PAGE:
One of the major objectives of the Government of Tamilnadu is to work for the development to Tamil and spreading of Tamil Culture. In addition to preserving and the ancient Classics and creating he right kind of intellectual climate for the birth of new works of art, our Government is particularly interested in getting all great writings translated from Tamil into English and from other languages into Tamil. This great task has been entrusted to a committe consisting of experts in the field of translation.
It is rather unusual that an English translation of such an exquisite epic of kamban comparable perhaps to the best of its kind in any language has, somehow, not so far been attempted in full. To straighten out the short coming, the Government came forward to pursue the project and chose Professor P.S. Sundaram, M.A. (Oxon) to undertake this remarkable endeavour. The English version of Bala Kandam was published last years and now we are happy to release Ayodhya Kandam and Aranya Kandam.
Translation is an art as well as a science, and translating poems from one language into another is a particularly difficult task. When the two languages happen to be as different from each other as Tamil and English, the translator' job becomes unenviable. We can never be certain that we have achieved a definitive translation. There will always be scope for improvement and it is good to encourage to be renewed attempts especially when the works happen to be as excellent an epic as the Kamba Ramayanam. But this does not mean the superb rendering by Professor Sudaram who, in his eighties, has set his heart on this labour of love, can ever be underestimated.
Although certain elements of the epic are perhaps disputable, there cannot be any question regarding the please excellence of Kamban which will continue to please generations.
Let me, therefore, congratulate the Department of Tamil Development and Culture and the Translator on their bold attempt to fulfil a long-felt need. I commed the work to all the readers in search of classics of perennial charm.
Both the Tamil Nadu Government and Professor P.S. Sundaram deserve congratulation on the smooth, steady progress of the project begun in 1988 for producing an English version of Kamban's epic.
In translating Tamil poetry into lucid, readable English verse Professor Sundaram has had ample experience and achieved conspicuous success in his renderings of Bharati, the Kural and Andal.
The Tamil Nadu Government acted wisely in entrusting the difficult task to him and the choice has been fully justified by the publication of the Balakandam in 1989 and the now imminent release of two more Kandams. Such expedition is indeed gratifying, especially in a Government project.
Speed has not spelt any failure in quality in this brisk, bright rendering of the highly ornate narrative of Kamban's epic. To cite one example from Balakandam, in the famous quatrain(No. 1081) lamenting comely bridegroom, the last liner reads:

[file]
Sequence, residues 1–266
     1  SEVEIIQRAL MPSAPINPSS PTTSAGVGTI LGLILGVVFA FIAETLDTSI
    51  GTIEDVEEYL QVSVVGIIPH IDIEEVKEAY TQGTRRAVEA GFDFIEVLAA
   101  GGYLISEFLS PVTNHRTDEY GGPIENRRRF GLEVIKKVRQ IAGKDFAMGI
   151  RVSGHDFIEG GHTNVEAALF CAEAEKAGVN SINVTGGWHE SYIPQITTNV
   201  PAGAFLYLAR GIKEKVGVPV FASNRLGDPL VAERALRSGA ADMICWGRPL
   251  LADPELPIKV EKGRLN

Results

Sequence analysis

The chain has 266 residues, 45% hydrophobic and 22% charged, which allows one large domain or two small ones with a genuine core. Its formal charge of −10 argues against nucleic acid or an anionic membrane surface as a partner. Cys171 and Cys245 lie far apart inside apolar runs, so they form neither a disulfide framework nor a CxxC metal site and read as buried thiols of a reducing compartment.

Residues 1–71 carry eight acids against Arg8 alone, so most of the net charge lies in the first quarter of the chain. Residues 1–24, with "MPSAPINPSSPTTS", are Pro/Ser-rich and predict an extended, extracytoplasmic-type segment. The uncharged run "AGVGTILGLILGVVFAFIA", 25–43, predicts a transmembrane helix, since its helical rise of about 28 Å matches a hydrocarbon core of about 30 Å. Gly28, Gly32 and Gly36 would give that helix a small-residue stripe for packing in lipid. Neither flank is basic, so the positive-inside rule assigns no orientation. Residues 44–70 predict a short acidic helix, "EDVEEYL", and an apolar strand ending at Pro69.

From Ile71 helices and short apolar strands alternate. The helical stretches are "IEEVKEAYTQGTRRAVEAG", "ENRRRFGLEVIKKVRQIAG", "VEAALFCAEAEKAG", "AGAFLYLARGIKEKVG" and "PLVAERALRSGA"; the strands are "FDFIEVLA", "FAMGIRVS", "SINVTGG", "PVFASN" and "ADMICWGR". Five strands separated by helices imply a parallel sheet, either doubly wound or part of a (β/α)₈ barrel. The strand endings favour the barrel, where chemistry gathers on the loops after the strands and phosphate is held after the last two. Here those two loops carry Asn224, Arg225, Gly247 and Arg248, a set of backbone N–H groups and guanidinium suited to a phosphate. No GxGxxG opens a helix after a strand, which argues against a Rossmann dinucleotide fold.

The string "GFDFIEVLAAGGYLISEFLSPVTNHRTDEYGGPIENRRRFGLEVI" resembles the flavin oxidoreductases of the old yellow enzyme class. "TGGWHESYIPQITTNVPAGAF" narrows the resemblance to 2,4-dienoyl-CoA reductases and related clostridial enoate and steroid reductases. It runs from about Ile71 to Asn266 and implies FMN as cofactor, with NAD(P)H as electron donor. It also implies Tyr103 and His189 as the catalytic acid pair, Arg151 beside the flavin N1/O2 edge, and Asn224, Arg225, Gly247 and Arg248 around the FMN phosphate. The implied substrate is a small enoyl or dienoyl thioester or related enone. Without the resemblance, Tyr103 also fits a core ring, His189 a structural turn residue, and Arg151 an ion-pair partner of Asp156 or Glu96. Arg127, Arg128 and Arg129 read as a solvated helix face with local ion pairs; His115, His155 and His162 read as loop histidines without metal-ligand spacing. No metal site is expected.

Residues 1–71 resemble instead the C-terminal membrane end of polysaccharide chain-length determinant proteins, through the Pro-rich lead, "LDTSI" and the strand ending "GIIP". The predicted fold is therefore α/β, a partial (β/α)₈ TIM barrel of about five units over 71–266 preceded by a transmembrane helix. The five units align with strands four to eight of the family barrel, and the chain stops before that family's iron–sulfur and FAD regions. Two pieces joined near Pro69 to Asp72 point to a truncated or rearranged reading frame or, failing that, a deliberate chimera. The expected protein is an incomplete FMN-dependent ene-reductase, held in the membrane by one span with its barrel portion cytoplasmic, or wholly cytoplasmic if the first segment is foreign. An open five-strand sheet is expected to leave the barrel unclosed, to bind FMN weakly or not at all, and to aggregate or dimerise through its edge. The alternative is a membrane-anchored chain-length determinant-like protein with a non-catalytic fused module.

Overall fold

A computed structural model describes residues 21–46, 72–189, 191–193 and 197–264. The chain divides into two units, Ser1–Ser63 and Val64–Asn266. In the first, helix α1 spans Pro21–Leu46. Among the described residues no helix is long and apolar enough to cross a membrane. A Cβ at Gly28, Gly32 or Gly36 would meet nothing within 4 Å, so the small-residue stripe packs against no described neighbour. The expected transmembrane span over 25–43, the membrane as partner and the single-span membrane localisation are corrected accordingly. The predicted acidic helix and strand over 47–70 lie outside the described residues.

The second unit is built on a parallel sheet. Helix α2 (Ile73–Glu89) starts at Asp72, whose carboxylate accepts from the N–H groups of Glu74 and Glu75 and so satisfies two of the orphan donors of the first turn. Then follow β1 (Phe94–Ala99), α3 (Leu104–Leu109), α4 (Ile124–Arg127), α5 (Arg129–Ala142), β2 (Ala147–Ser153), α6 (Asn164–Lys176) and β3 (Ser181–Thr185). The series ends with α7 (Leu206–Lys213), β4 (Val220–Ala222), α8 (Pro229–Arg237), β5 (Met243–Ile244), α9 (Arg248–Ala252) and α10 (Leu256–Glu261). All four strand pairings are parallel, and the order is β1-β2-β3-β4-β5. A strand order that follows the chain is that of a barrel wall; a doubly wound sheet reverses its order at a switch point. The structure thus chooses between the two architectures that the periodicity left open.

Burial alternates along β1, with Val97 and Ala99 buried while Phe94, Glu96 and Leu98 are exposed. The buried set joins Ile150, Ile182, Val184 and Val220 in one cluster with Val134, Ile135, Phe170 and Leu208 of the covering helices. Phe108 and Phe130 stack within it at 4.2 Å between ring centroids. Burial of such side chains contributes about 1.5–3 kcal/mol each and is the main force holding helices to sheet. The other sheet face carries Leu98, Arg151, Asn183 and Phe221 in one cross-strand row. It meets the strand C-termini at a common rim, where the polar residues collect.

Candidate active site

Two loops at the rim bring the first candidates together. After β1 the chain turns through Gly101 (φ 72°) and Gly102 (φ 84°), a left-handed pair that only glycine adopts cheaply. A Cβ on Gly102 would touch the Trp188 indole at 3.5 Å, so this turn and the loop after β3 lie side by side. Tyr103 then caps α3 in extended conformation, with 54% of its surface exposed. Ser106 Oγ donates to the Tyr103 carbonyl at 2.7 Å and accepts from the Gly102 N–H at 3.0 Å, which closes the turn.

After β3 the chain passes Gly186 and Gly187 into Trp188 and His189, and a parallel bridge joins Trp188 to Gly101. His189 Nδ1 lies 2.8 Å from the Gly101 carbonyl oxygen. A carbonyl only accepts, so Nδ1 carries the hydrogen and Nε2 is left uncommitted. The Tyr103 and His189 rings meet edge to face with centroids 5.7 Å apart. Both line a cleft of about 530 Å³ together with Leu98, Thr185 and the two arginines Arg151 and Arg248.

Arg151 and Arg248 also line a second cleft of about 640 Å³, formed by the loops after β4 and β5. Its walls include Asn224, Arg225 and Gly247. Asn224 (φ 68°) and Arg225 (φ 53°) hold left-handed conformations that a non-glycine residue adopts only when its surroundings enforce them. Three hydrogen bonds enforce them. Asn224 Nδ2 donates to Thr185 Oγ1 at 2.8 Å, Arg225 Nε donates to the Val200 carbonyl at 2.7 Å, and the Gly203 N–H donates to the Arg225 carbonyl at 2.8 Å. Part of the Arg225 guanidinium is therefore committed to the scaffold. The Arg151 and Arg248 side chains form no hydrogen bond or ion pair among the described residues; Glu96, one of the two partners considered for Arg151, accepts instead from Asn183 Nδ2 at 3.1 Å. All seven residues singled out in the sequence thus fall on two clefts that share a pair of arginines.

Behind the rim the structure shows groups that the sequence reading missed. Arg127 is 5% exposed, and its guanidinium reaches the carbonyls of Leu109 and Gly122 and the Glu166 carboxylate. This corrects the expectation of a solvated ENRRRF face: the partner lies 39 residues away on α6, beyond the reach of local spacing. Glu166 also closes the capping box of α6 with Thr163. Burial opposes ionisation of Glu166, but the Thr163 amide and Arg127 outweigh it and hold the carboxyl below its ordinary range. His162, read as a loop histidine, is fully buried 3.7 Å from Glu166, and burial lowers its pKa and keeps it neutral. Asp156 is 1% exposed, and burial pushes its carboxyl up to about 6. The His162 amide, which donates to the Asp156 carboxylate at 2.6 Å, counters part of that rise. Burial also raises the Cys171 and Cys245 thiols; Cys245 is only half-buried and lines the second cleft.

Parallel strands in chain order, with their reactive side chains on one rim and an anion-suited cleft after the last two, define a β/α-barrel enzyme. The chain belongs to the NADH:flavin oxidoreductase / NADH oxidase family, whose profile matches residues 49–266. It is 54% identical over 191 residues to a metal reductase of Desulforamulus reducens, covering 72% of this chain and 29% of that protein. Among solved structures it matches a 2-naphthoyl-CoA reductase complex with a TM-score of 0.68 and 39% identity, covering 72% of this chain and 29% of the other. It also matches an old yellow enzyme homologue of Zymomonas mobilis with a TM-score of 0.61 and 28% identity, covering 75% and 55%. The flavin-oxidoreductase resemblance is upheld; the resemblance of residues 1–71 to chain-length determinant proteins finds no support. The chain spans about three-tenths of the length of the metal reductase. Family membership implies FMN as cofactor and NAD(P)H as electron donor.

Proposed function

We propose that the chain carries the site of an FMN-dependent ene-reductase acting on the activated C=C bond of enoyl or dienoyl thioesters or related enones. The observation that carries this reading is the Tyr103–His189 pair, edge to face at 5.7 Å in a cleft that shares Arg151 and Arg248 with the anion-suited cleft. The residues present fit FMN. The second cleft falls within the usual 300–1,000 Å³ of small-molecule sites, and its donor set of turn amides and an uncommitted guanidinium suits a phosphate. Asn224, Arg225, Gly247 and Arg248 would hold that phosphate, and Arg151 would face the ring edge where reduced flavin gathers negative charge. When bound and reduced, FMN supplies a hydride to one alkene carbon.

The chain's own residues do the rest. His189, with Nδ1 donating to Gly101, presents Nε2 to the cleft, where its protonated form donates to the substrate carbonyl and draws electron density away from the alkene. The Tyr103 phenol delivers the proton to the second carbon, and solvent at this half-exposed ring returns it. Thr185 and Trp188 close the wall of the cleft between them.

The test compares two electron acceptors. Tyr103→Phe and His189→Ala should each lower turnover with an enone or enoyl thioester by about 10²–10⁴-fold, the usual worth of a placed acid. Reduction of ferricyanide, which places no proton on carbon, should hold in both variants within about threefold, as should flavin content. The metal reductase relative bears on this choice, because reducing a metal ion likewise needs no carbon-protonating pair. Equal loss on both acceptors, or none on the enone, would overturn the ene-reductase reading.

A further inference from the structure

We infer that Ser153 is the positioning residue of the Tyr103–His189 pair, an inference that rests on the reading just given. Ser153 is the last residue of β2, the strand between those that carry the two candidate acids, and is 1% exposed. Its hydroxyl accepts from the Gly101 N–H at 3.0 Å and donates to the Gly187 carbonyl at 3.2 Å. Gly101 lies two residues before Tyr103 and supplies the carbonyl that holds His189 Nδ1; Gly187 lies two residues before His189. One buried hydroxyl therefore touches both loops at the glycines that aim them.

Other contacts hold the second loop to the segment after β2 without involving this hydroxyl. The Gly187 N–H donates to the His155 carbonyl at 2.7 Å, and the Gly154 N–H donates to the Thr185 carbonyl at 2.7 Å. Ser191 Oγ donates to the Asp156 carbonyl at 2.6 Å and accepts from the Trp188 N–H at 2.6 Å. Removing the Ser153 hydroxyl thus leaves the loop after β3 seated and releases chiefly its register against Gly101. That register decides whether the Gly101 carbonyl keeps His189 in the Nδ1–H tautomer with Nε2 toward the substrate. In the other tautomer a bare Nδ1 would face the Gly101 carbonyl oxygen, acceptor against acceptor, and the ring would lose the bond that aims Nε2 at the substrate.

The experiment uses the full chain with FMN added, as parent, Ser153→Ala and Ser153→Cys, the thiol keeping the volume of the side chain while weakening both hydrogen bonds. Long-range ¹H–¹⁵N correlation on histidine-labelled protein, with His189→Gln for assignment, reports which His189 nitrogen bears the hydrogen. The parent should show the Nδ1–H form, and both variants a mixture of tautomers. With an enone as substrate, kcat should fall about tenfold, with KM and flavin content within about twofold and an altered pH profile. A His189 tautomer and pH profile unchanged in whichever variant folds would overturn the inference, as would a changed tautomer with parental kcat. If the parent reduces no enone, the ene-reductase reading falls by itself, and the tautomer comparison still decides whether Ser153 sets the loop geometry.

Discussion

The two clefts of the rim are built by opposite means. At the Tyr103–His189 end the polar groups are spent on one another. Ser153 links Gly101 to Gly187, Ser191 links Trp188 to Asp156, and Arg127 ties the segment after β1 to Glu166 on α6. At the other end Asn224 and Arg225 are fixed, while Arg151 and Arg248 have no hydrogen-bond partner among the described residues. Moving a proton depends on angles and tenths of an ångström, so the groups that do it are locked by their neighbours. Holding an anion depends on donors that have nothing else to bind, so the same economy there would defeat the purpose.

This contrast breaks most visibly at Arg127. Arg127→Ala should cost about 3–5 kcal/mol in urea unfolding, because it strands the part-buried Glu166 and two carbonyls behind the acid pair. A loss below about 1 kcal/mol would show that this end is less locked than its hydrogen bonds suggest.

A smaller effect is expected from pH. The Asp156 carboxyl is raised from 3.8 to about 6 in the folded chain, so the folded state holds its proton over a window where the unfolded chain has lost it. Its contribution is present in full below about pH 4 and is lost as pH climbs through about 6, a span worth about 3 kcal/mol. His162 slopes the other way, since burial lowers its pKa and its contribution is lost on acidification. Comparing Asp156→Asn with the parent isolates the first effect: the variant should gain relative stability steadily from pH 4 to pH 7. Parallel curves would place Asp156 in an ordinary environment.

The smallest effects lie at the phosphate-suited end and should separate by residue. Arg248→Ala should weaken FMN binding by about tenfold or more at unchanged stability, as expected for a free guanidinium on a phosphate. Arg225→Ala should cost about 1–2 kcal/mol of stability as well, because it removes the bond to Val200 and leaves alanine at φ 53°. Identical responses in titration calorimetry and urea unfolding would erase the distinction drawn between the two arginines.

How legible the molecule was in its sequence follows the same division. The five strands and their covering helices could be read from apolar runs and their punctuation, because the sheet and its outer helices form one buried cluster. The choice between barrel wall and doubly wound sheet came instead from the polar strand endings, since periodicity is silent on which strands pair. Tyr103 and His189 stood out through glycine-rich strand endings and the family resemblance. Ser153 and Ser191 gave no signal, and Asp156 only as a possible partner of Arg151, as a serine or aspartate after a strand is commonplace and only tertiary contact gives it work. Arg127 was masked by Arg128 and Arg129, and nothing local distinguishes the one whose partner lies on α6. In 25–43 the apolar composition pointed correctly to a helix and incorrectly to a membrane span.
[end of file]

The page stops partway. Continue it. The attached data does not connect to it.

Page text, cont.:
What single creed grasps God entire?
Sundaram's modest aim is to "translate", not adapt or transcreate. IT is thus unfair to compare his verse with Kamban's in Tamil. For one thing, myths and metaphors live and grow and move all hearts in their native element but wither away in the new climate. Again, the translator, caring more for meaning than for music, reluctantly misses out the emphatic initial rhyme of the Tamil lines, the rhythms that rise and fall and the metre that beats time. IT would be foolish to drag in such "suggestions" of high intrinsic value in the original. Why blame a paper flower for lack of fragrance or a photograph for sullen silence?
Even on a comparison with Rajaji's Sahitya Akademi version of Ayodhya Kandam, Sundaram has many points in his favour, as the following passage proves: When Queen Kausalya sees Rama unwashed, unkempt, uncrowned, and learns from him that Bharata, not he, had been chosen for the honour, she calmly, cheerfully accepts the change.
"Not in order but for that
A thrice virtuous soul is he!
Faultless, even better than you"
Said she whose love embraced all four.
Next moment, when she is told that Rama was condemned to spend fourteen years in the forest,
Though still alive, she was feeling then
All the bitterness of death...
She was as one predestined poor
That picks up gold and lets it slip.
Again, when Bharata tells Guha that he had come to take Rama back to Ayodhya and crown him king, the boatman admires Bharata:
"The Kingdom your mother got for you
And your father gave, you have spurned as sin:
O pensive face, Princ past all praise
Can a thousand Ramas equal you?
Finally, Bharata's plea to Rama not to retreat from dharma, but to take the crown as his due and save the helpless younger brother from adharma:
"Through a boon that was improper
?You were put in a place improper.
And I the Proper son of that woman
Who so improperly killed her king
May not do a penance improper?
"If a sinner born to that sinner